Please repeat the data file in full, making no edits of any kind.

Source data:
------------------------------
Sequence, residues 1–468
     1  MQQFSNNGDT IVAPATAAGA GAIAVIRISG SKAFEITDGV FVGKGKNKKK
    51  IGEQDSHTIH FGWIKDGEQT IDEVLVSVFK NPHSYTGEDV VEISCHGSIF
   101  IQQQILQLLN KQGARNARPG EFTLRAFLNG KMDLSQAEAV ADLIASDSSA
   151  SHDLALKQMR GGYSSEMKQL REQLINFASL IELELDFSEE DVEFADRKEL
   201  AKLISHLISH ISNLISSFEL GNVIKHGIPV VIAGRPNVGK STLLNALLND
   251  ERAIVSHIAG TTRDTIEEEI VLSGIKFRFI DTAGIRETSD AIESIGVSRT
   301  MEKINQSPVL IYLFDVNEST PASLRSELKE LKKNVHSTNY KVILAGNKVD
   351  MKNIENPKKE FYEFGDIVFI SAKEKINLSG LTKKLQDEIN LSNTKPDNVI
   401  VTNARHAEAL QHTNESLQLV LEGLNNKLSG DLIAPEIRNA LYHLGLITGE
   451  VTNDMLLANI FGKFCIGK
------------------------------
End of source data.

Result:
Sequence, residues 1–468
     1  MQQFSNNGDT IVAPATAAGA GAIAVIRISG SKAFEITDGV FVGKGKNKKK
    51  IGEQDSHTIH FGWIKDGEQT IDEVLVSVFK NPHSYTGEDV VEISCHGSIF
   101  IQQQILQLLN KQGARNARPG EFTLRAFLNG KMDLSQAEAV ADLIASDSSA
   151  SHDLALKQMR GGYSSEMKQL REQLINFASL IELELDFSEE DVEFADRKEL
   201  AKLISHLISH ISNLISSFEL GNVIKHGIPV VIAGRPNVGK STLLNALLND
   251  ERAIVSHIAG TTRDTIEEEI VLSGIKFRFI DTAGIRETSD AIESIGVSRT
   301  MEKINQSPVL IYLFDVNEST PASLRSELKE LKKNVHSTNY KVILAGNKVD
   351  MKNIENPKKE FYEFGDIVFI SAKEKINLSG LTKKLQDEIN LSNTKPDNVI
   401  VTNARHAEAL QHTNESLQLV LEGLNNKLSG DLIAPEIRNA LYHLGLITGE
   451  VTNDMLLANI FGKFCIGK